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4 April 2011 | Angeline Albert
March brought a strong expansion of activity in the UK construction sector, with the seasonally adjusted Markit/CIPS Construction Purchasing Managers’ Index (PMI) posting 56.4.
This figure was only slightly weaker than February’s eight-month high of 56.5 index points. Crucially both were above the no-change mark of 50.
While growth in March was evident, the rate of cost inflation intensified to its highest point since mid-2008, driven by higher raw material prices, particularly for fuel, oil and steel.
Purchasing activity at UK construction companies increased last month, reflecting higher output requirements. This led to a lengthening of suppliers’ delivery times, with delays heightened by shortages of materials at vendors.
New business increased for a 13th successive month. The latest rise was attributed to increased opportunities to tender and previously quoted work converting to firm contracts. However, new order growth slowed indicating that a reduction in activity is likely over the coming months.
“UK construction companies reported a strong end to the first quarter, with activity rising at a similar pace to the eight-month high recorded in February,” said Markit economist Sarah Ledger. “The data therefore add to the generally positive flow seen since the new year, adding to evidence that the economy rebounded strongly from the surprise contraction of GDP in the final quarter of last year. However, whether the resurgent growth will prove long-lasting remains in doubt.”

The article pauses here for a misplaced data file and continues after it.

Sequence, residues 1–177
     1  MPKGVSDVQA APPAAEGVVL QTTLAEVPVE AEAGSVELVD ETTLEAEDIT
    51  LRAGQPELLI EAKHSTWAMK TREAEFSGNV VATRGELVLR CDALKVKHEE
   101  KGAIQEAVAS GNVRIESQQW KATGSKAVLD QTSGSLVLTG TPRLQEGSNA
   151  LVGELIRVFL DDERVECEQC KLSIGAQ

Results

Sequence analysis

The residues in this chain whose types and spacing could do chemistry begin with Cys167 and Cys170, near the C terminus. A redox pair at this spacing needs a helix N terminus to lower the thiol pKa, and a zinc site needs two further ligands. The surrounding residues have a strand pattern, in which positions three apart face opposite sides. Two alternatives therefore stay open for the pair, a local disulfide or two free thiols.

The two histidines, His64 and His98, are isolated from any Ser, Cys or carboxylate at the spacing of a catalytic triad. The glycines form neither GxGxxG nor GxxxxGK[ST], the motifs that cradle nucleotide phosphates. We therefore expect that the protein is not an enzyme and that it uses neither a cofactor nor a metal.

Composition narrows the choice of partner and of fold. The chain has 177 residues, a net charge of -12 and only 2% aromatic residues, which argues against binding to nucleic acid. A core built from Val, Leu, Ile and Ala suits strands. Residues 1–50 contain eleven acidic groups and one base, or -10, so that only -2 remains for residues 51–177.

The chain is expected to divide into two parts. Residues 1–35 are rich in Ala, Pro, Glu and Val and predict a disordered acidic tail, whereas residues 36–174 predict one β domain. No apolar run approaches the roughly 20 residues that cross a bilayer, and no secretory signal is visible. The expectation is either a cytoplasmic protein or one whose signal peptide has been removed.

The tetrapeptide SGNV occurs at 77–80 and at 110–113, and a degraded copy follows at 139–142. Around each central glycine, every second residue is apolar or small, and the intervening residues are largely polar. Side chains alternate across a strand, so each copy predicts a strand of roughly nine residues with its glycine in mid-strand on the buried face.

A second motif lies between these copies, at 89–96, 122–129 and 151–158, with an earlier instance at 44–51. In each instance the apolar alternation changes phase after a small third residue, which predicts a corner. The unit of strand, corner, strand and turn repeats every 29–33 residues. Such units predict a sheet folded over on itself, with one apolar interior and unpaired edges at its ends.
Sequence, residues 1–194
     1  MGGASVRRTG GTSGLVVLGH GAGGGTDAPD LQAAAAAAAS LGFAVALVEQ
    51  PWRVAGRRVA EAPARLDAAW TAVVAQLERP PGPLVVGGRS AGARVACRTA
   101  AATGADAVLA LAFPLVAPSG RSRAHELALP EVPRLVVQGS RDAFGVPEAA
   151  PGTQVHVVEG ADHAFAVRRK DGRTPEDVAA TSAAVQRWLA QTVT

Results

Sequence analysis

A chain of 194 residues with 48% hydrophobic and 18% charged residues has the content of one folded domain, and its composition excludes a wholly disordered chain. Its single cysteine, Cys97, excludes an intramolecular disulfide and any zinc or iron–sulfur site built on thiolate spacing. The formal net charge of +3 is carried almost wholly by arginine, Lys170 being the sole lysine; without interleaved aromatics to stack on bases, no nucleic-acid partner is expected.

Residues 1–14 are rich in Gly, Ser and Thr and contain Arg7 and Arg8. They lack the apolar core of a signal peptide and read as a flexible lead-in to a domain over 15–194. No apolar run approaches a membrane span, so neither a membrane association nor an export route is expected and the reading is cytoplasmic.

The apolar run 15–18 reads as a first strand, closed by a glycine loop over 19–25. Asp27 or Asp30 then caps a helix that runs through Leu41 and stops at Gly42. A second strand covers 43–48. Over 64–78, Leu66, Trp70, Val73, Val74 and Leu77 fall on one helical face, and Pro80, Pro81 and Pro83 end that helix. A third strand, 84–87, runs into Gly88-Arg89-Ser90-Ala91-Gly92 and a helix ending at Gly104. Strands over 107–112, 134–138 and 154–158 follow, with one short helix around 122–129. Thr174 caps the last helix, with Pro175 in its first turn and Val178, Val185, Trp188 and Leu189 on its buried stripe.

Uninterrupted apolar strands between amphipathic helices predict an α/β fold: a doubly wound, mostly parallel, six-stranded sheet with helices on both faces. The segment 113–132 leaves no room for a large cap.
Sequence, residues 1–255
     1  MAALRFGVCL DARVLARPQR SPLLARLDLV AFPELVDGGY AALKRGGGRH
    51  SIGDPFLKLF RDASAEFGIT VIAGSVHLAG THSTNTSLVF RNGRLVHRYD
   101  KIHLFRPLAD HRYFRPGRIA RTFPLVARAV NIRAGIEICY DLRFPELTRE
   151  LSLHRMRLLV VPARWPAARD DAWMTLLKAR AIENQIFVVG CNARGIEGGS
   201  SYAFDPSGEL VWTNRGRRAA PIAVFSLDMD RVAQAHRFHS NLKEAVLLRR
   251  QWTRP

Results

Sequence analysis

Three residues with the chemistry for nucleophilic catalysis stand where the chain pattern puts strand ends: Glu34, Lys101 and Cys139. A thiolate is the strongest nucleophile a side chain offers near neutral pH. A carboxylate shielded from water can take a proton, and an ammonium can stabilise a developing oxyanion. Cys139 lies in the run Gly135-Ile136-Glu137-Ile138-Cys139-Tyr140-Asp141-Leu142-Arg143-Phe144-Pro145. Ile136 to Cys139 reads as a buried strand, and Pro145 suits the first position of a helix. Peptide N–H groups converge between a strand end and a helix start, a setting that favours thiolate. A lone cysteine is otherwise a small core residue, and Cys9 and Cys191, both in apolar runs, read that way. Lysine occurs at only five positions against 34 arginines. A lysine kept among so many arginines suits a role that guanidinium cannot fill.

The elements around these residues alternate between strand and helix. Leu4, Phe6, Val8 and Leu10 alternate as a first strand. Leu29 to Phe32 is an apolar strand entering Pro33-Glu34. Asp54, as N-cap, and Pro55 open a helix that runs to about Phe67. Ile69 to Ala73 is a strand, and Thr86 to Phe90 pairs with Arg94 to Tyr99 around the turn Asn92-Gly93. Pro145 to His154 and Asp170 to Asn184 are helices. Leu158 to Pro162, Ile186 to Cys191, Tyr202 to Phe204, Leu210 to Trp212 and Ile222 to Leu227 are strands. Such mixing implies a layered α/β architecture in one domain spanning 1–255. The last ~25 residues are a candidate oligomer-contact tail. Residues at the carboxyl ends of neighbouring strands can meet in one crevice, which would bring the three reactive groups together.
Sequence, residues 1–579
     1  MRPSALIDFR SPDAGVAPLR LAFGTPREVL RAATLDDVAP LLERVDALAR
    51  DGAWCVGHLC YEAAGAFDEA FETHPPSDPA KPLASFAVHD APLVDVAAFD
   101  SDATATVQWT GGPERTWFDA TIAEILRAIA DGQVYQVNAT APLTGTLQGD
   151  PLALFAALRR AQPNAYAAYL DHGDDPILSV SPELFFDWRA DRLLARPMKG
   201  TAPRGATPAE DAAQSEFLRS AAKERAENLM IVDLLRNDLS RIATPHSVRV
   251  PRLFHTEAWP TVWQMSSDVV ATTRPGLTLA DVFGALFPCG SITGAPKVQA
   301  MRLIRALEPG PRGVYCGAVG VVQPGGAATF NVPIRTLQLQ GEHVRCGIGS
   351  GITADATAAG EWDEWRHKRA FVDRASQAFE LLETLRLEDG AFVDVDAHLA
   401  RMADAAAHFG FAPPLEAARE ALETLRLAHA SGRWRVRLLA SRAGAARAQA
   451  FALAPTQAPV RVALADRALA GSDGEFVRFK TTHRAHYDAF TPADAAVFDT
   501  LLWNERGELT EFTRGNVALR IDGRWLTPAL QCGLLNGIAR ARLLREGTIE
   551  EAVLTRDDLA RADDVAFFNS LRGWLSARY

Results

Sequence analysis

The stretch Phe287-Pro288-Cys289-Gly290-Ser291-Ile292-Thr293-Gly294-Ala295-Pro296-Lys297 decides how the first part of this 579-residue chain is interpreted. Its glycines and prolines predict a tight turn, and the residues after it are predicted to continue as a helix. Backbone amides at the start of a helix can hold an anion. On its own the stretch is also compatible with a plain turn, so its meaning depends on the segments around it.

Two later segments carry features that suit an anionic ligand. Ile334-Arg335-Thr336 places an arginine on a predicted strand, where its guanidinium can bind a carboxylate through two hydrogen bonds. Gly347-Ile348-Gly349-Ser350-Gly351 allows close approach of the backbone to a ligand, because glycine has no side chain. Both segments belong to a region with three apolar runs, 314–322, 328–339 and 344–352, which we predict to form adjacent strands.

Despite growth in March, confidence in the market has been dampened by concerns over the government’s public sector cuts.
CIPS chief executive, David Noble, added: “The spectre of spending cuts is causing the greatest concern, particularly as government stimulus starts to crumble. We may also be at the tail end of temporarily higher activity levels seen after the weather disruption of Q4 last year. Similarly, although March saw the third monthly growth in a row of residential construction activity and staff reduction was its weakest in many months, other indicators showing continued volatility in house prices and poorer consumer confidence mean there is still a great deal of uncertainty.”